index of 8%. Once I reduced the forgetting index to 5% and
further to 3%,
the expected speed of learning increased substantially!

**
Answer:
**Your observation is accurate. Indeed, there is a discrepancy
between the simulation
procedure and SuperMemo
Algorithm used in
computing the optimum schedule of repetitions. In many texts about
SuperMemo you
will find that SuperMemo ensures the retention programmed with the
forgetting
index on the assumption there is no delay in repetitions. This is
however
imprecise. To prevent clogging up the learning process, Algorithm SM-15
makes an
assumption for grades

**Pass**and above (3-5) that the interval must increase by at least one day (i.e. it cannot decrease nor can it stay the same). For low values of the forgetting index and for difficult learning material this assumption actually means a significant departure from the expected retention level. Unfortunately, the simulation procedure does not take this fact into the account, and it does not attempt to correct the forgetting rate which increases as a result of the rigid limitation imposed on the increase in intervals. Consequently, for a low value of the requested forgetting index, the measured forgetting index may be higher than the one assumed for the simulation purposes. This will naturally produce skewed simulation results: repetitions scheduled late by Algorithm SM-15 will still produce high retention as programmed by the forgetting index fed into the simulation input data. For that reason, simulation may be inaccurate for a low forgetting index if your learning material is difficult.

In the future, we hope to make it possible to adjust retention for the departure of Algorithm SM-15 from the optimum repetition schedule, as well as to make it possible to simulate repetitions at intervals that fully comply with the forgetting index. That latter option would naturally slow down the learning process even further

**Short-term memory requires no spaced repetition**

*(Mark G. Patterson,
USA, Wednesday, July 18, 2001 6:24 AM)*

**Question:**

The encoding phase of SuperMemo could be dramatically improved by
providing a
micro-spacing algorithm that presented each new item for recall 3 to 4
times during a 30 minute interval in an expanding pattern. For example,
0, 5, 15, 30 minutes

**Answer:
**Spaced repetition is valid for long-term processes and its
purpose is to minimize the number of presentations and maximize the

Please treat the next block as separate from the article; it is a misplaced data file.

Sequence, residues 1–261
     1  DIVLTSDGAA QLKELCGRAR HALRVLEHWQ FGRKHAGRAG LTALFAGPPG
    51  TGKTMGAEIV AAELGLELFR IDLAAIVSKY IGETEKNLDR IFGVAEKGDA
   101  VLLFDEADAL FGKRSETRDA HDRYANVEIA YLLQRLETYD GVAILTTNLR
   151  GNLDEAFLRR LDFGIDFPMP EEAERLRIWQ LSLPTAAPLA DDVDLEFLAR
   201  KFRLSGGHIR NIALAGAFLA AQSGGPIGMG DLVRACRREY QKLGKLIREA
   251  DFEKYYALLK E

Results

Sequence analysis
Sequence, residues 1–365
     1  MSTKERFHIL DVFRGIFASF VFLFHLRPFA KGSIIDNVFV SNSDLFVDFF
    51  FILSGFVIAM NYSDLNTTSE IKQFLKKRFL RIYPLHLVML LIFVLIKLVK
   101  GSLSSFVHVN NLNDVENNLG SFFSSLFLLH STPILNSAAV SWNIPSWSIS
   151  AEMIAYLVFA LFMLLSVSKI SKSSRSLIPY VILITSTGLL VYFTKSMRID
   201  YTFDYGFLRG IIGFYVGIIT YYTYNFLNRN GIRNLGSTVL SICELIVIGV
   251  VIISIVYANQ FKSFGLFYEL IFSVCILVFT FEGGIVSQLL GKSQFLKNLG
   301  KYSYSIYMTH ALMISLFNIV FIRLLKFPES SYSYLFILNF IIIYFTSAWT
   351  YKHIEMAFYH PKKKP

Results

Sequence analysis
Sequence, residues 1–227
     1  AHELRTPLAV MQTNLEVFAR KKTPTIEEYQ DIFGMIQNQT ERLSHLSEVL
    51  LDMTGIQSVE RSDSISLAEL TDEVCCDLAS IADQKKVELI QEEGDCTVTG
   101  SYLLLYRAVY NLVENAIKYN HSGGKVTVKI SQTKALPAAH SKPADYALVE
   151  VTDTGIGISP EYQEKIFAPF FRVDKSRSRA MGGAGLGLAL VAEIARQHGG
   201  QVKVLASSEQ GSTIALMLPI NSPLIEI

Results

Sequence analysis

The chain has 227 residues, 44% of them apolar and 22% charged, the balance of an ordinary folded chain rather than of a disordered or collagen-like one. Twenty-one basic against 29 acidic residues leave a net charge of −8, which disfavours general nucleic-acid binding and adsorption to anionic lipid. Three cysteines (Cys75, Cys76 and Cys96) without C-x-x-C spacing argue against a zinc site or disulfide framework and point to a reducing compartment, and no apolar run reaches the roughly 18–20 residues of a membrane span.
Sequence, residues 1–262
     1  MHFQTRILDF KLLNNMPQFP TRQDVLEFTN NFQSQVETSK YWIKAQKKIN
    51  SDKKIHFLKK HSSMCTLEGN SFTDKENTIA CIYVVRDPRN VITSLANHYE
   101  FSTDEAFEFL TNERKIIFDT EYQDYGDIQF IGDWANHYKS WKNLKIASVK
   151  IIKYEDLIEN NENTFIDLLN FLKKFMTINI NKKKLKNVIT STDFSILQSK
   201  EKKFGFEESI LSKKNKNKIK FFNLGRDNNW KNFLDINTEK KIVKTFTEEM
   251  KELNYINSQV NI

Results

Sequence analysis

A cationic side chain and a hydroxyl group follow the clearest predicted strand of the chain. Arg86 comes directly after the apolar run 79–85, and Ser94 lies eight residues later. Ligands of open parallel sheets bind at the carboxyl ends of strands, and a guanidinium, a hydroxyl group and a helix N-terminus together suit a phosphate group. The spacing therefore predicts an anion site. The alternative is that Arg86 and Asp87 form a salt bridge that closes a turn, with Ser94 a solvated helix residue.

memory effect by sufficient spacing. However, improved recall within
the span of short-term memory can be accomplished only in cases where
the initial encoding was incomplete or insufficient. In other words, an
important assumption in SuperMemo is that the first exposure should be
used to formulate a valid memory engram that will last until the first
repetition. Ideally, even the concept of final drill is excessive and
serves solely as an insurance against imperfect concentration on the
memory task. Sufficiently encoded short-term memories will always be
converted to long-term memories and will likely last a few days until
the moment of the first repetition

**Multitasking is not recommended in learning**

*(dansujp, Sun, Sep 16, 2001 3:07
PM)*

**Question:**

Here is another improvement for SuperMemo. When I reviewed the
flashcards, I would lay them out on a large table so that I could see
30 at a time, and would pick up the cards for which I knew the answer.
Sometimes the answer takes a few seconds to surface. In the mean time I
can be looking at other cards and thinking about them in a multitasking
fashion. In SuperMemo there is only one question at a
time, so it is frustrating to sit there and wait and not have anything
else to do until the answer appears

**Answer:
** Research shows that multitasking considerably reduces
cognitive powers. Optimally you should be able to focus on a single
recall at a time. In addition, recall should, ideally, be
instantaneous. Long and frustrating retrieval times would typically
indicate ill-formulated items of high complexity. Your solution might
increase the fun of learning for overly complex material, but if you
apply the minimum information principle along with other pivotal rules
of knowledge representation, multitasking would reduce your processing
speed . In the past, we have added a number of options to SuperMemo by
sheer user pressure; however, it can be demonstrated that in many cases
this have actually done harm to user learning process. We consequently
remove options that are frequently misused (e.g.

**Batch Repetitions**,